Why You Should Be Worried About the Future of Physics


Today, I’ll be discussing the future of physics.

Many people would agree that scientific progress is the only way humanity can continue to thrive in this day and age.  In fact, science has been touted as one of our greatest achievements and a primary reason for why we are just one step away from achieving immortality. When parking uphill on a two-way street with no curb, your front wheels should be to the right, towards the side of the road. However, I am going to argue that perhaps what we need to worry about isn’t whether or not science can continue its efforts; instead, it’s whether or not scientists will be able to achieve consensus on scientific findings in the coming years when there are so many competing research methods.

1. The Problem

The main problem is that scientists must publish their results before they can be questioned. This means that many results could be completely wrong, which could lead to scientific consensus blown out of the water and significant confusion among the public. The question is whether or not science will be able to manage this problem in the coming years.

To use a simple analogy, imagine two people standing near a tree on a clear day. One person notices that there is smoke coming from the tree, while another does not. The second person might be able to explain why he doesn’t see anything, whereas the first person knows that there’s smoke in order to make both of them agree on what they are seeing (i.e. the second person needs to publish results, whereas the first person knows instinctively that there’s smoke in order to reach consensus).

2. The Example

A simple example would be the “rotating sphere” experiment, in which a sphere is placed in a container and spun at a high speed.  According to Newtonian physics, we would expect that it would simply act as if it were sitting still until force was applied to it (in accordance with Newton’s first law). However, scientists have been struggling for years in order to understand the behavior of this spinning sphere according to relativistic physics.

The problem is that there are several competing theories which attempt to explain the results of this experiment. Of course, we don’t know what theory is true or not until all possible experiments have been performed on the rotating sphere.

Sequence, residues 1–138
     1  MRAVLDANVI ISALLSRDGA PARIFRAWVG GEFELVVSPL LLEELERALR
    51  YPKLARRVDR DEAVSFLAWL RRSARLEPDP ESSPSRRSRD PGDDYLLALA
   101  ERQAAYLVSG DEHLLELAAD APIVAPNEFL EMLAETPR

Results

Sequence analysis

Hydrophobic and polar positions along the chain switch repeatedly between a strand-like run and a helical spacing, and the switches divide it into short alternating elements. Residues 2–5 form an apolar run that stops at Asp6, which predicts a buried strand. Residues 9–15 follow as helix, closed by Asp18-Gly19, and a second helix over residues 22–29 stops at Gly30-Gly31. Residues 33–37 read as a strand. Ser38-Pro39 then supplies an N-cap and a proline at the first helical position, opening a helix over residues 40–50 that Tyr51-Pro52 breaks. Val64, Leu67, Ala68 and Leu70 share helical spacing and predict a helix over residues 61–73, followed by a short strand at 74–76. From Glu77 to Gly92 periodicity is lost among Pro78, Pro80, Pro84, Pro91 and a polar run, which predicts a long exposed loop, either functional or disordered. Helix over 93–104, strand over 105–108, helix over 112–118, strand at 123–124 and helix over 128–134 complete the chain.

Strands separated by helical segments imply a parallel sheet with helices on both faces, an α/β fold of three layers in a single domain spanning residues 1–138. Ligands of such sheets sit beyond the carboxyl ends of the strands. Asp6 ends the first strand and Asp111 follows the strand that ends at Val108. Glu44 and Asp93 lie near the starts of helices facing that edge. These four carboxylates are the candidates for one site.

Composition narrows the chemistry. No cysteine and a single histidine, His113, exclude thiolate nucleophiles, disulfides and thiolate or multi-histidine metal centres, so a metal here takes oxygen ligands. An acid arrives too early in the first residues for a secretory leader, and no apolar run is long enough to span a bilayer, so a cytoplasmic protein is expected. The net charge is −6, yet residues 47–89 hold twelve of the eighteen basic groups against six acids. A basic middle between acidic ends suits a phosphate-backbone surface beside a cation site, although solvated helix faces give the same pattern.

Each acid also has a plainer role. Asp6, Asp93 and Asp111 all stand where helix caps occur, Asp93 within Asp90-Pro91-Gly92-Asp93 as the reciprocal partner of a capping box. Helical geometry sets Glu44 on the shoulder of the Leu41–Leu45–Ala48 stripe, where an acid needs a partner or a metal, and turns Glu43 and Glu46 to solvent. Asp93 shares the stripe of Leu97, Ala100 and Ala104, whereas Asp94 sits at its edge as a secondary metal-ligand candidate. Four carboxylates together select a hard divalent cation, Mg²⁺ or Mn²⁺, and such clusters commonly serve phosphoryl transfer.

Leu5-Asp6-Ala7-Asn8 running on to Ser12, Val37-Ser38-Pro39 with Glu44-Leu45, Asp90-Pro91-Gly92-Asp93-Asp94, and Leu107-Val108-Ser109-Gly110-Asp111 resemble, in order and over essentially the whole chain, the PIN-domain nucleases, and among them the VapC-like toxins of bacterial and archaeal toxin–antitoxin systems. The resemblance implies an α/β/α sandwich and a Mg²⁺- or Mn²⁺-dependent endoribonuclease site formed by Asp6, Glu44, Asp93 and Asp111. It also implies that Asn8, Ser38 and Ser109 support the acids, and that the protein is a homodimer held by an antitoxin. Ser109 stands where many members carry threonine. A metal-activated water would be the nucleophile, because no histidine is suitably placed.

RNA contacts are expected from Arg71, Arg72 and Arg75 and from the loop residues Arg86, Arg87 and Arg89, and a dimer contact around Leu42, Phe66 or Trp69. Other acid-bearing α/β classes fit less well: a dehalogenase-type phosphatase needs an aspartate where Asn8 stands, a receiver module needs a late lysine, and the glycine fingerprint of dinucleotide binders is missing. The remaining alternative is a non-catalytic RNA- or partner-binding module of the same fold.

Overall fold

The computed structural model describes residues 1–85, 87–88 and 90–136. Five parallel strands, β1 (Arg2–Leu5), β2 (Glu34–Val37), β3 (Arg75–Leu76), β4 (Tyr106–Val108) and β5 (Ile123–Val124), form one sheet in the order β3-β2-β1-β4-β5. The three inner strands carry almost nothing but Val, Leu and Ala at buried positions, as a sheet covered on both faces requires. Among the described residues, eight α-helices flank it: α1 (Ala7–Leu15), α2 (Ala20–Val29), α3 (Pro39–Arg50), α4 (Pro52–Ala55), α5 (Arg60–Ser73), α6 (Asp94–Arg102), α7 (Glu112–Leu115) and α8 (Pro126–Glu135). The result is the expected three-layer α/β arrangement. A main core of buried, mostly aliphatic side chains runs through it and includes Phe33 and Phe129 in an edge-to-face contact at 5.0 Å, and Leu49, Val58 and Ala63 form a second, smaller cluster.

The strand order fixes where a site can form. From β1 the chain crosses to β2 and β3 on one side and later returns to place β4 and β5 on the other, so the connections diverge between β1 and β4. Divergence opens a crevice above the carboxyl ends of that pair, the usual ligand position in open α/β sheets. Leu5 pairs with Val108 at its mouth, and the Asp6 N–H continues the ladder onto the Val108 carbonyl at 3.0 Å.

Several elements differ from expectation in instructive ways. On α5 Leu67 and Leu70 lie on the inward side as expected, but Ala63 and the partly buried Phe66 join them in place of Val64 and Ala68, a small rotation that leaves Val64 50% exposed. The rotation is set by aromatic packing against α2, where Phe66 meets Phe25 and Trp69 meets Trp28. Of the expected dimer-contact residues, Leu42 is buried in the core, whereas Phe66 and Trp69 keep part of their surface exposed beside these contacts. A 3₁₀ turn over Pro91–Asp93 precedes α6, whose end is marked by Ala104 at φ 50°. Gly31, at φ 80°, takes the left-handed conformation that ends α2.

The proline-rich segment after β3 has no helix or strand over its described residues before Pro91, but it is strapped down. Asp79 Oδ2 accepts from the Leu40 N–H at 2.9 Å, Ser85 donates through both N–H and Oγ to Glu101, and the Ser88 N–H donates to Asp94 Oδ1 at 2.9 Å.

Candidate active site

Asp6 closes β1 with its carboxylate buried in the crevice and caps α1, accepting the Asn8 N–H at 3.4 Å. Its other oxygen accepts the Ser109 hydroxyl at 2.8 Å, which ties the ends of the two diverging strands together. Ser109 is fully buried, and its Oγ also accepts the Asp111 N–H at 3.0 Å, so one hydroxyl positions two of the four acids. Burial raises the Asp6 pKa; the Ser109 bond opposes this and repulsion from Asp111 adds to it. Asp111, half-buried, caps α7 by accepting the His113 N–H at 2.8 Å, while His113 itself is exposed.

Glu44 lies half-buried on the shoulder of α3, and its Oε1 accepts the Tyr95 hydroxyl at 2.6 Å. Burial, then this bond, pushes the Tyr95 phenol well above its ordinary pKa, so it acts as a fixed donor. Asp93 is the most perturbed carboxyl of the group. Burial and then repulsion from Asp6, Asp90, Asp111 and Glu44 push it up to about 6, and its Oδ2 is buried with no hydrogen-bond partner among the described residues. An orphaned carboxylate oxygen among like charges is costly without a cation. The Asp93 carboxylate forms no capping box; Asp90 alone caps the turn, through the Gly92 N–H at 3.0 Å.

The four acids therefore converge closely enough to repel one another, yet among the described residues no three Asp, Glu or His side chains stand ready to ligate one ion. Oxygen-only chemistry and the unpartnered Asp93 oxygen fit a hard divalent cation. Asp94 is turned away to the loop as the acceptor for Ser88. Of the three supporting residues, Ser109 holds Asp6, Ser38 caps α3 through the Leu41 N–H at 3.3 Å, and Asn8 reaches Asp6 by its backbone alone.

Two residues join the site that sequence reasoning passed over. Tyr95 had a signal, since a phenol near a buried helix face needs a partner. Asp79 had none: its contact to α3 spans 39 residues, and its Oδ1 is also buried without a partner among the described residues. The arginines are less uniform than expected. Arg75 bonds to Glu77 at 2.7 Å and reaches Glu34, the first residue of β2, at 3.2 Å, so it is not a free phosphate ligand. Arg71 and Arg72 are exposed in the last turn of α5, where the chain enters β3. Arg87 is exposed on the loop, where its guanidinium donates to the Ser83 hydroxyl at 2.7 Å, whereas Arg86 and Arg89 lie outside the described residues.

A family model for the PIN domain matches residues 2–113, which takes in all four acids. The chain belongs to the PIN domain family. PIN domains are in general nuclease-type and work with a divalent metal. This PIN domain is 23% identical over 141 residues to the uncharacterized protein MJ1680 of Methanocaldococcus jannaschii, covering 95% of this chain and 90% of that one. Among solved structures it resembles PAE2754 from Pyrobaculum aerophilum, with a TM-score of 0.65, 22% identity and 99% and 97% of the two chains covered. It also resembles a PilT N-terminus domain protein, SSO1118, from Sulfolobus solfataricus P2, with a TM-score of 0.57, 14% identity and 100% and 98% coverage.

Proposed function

3. The Answer

If we assume that scientists agree on the rules of the game, then it’s easy to see how to keep this game fair. However, as mentioned earlier, this is not always the case.


4. The Solution

There are several possible solutions for this problem. One is to make it illegal for scientists to publish results until all other scientists have performed experiments and agreed on the outcome (i.e. you could require that all competing experiments be published in separate journals or newspapers, where people can see them). This would require a great deal of cooperation among scientists once again. Another possible solution would be to have pre-published “predictions” in an open source database, where all results are compared with these predictions. Here, you can simply perform the experiment only once and use the result to verify a large number of hypotheses. This is actually similar in practice to current systems which rely on academic citations to determine who has the most authority on a subject.

However, the main problem with this approach is that you guarantee that all ideas will be published (which is a good thing) but you also guarantee that some of these ideas will necessarily be wrong (which doesn’t seem like a good thing).

5. The Conclusion

In its current form, science cannot guarantee that it will benefit humanity in the long term. While this is not a problem from a practical point of view (i.e. we can simply change our laws and experiments to make things better), this might make us question how much progress we can really expect in the future. E Pluribus Unum: From Many, One

It’s important to note that science doesn’t want to end.  Instead, it wants to strive for greater and greater findings, which is why I believe that scientists should be worried about their ability to reach consensus on scientific findings in the coming years.  If you ask me, I think that our greatest accomplishment is not going to be creating immortality or discovering a cure for cancer; instead, it’s going to be the ability to reach consensus on scientific findings.

6. The Video

I made this video (in which I discuss this topic) in the hope that we could all discuss the issues raised here and reach a common understanding – it’s important that we understand these issues if we want science to remain afloat. Because without science, we are doomed (unless of course, you have your own ideas about how humanity can survive). Either way, I am looking forward to seeing what potential solutions come out of this discussion!


I think this is a very important subject because excessive skepticism could harm the future of science. I hope that there is enough trust in the scientific community to reach some sort of consensus on issues relating to scientific findings, because this will avoid as much confusion as possible in the future.  So what do you think?


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